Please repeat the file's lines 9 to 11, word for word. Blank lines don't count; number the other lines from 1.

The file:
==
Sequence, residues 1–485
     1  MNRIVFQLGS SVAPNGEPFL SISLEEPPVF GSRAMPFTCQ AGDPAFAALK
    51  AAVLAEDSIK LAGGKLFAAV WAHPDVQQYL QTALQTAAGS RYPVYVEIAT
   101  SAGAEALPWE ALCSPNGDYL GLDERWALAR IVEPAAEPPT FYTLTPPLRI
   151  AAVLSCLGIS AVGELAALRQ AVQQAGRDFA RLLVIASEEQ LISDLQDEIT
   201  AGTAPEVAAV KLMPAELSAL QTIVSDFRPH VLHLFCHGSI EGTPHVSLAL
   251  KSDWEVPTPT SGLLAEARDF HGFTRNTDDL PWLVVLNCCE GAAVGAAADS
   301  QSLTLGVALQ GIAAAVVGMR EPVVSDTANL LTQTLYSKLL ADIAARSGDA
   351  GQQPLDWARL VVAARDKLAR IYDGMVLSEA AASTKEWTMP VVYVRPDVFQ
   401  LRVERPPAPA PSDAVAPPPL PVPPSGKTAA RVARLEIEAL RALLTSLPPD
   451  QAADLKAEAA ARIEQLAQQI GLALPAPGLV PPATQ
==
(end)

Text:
   351  GQQPLDWARL VVAARDKLAR IYDGMVLSEA AASTKEWTMP VVYVRPDVFQ
   401  LRVERPPAPA PSDAVAPPPL PVPPSGKTAA RVARLEIEAL RALLTSLPPD
   451  QAADLKAEAA ARIEQLAQQI GLALPAPGLV PPATQ